About the Author - Niccolò Machiavelli

Niccolò di Bernardo dei Machiavelli (3 May 1469 – 21 June 1527) was a Florentine diplomat, author, philosopher, and historian who lived during the Italian Renaissance. He is best known for his political treatise The Prince (Il Principe), written around 1513 but not published until 1532, five years after his death. He has often been called the father of modern political philosophy and political science. For many years he served as a senior official in the Florentine Republic with responsibilities...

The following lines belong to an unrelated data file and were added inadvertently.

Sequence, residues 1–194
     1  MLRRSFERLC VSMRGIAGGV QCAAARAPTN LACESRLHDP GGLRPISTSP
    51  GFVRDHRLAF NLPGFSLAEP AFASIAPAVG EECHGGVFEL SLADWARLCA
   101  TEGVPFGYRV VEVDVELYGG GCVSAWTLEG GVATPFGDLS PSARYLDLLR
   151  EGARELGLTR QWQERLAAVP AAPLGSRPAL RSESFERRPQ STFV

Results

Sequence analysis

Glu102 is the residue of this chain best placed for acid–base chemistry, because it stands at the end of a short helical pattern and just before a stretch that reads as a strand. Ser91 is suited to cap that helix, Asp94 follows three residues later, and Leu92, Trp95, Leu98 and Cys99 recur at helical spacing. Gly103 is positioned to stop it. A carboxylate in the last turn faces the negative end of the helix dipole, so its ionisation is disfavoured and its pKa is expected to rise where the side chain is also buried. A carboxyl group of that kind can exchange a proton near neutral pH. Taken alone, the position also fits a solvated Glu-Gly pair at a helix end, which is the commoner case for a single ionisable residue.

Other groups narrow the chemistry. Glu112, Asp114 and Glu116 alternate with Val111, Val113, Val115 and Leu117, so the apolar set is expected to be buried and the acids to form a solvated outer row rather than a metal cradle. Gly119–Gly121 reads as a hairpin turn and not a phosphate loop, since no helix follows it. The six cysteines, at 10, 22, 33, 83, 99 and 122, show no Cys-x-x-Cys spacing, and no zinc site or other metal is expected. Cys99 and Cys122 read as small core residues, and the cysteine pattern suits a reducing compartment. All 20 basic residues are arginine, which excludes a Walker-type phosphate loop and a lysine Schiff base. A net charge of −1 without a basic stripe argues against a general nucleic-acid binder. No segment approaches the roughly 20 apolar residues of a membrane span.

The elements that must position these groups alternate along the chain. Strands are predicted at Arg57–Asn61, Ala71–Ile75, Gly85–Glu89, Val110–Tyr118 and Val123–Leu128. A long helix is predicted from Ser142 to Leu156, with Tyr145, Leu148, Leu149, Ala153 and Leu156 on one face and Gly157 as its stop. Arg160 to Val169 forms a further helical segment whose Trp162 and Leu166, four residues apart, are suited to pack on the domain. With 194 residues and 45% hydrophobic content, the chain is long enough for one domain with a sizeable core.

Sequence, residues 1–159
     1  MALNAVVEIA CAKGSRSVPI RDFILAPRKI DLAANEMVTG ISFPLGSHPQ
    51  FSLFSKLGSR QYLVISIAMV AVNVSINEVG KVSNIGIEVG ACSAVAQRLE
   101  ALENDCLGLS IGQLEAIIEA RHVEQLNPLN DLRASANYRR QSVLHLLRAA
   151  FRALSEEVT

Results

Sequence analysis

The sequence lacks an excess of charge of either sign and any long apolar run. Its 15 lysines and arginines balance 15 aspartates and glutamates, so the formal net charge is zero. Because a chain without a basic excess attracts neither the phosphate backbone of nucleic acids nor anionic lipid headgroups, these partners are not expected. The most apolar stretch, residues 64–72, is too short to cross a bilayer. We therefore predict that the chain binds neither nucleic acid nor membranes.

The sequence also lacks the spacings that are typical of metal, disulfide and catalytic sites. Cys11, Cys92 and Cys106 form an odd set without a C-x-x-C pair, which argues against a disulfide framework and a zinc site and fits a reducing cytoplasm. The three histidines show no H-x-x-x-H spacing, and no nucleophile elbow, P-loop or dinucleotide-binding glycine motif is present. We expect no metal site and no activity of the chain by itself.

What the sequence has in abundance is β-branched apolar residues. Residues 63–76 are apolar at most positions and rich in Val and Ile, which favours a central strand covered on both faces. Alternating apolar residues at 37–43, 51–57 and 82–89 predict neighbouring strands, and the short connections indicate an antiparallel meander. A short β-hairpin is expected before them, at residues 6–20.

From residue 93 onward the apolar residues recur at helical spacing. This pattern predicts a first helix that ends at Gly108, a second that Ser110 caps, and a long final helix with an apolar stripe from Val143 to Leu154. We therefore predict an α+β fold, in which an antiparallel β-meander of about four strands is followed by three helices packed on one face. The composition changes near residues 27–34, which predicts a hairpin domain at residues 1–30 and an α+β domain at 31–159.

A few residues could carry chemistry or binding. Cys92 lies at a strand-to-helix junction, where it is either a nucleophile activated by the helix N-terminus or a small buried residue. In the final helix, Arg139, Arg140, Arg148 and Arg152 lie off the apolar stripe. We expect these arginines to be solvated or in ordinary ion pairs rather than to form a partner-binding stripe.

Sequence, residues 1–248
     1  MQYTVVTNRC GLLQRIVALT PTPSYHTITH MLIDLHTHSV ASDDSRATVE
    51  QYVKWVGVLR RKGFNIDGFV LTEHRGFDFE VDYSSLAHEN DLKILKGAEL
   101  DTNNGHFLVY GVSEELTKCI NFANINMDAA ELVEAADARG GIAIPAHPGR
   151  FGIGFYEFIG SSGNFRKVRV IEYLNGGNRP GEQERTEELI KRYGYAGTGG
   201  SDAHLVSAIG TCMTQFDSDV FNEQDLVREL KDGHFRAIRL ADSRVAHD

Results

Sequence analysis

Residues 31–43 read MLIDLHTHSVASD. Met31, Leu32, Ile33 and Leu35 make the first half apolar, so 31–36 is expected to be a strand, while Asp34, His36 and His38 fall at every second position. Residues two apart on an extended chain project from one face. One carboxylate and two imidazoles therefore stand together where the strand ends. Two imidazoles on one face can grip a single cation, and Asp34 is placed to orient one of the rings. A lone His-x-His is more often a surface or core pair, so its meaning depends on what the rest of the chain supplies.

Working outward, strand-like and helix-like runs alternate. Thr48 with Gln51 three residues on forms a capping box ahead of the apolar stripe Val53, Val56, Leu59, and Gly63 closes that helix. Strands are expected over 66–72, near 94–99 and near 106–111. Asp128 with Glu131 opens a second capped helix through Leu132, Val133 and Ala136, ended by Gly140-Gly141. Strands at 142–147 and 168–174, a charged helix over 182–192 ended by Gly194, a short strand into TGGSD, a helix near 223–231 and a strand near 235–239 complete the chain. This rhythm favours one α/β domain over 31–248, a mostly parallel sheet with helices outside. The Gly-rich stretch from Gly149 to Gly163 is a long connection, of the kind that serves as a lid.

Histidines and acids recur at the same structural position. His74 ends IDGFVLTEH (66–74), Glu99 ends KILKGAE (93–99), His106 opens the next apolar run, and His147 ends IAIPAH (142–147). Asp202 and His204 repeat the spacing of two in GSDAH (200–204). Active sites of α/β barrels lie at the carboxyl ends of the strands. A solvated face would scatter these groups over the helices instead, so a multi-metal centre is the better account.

Niccolò di Bernardo dei Machiavelli (3 May 1469 – 21 June 1527) was a Florentine diplomat, author, philosopher, and historian who lived during the Italian Renaissance. He is best known for his political treatise The Prince (Il Principe), written around 1513 but not published until 1532, five years after his death. He has often been called the father of modern political philosophy and political science. For many years he served as a senior official in the Florentine Republic with responsibilities in diplomatic and military affairs. He wrote comedies, carnival songs, and poetry. His personal correspondence is also important to historians and scholars of Italian correspondence. He worked as secretary to the second chancery of the Republic of Florence from 1498 to 1512, when the Medici were out of power. After his death Machiavelli's name came to evoke unscrupulous acts of the sort he advised most famously in his work, The Prince. He claimed that his experience and reading of history showed him that politics has always involved deception, treachery, and crime. He also notably said that a ruler who is establishing a kingdom or a republic, and is criticized for his deeds, including violence, should be excused when the intention and the result are beneficial to him. Machiavelli's Prince has been surrounded by controversy since it was published. Some consider it to be a straightforward description of political reality. Others view The Prince as a manual, teaching would-be tyrants how they should seize and maintain power. Even into recent times, some scholars, such as Leo Strauss, have restated the traditional opinion that Machiavelli was a "teacher of evil". Even though Machiavelli has become most famous for his work on principalities, scholars also give attention to the exhortations in his other works of political philosophy. While less well known than The Prince, the Discourses on Livy (composed c. 1517) has been said to have paved the way for modern republicanism. His works were a major influence on Enlightenment authors who revived interest in classical republicanism, such as Jean-Jacques Rousseau and James Harrington. Machiavelli's political realism has continued to influence generations of academics and politicians, including Hannah Arendt and Otto von Bismarck.

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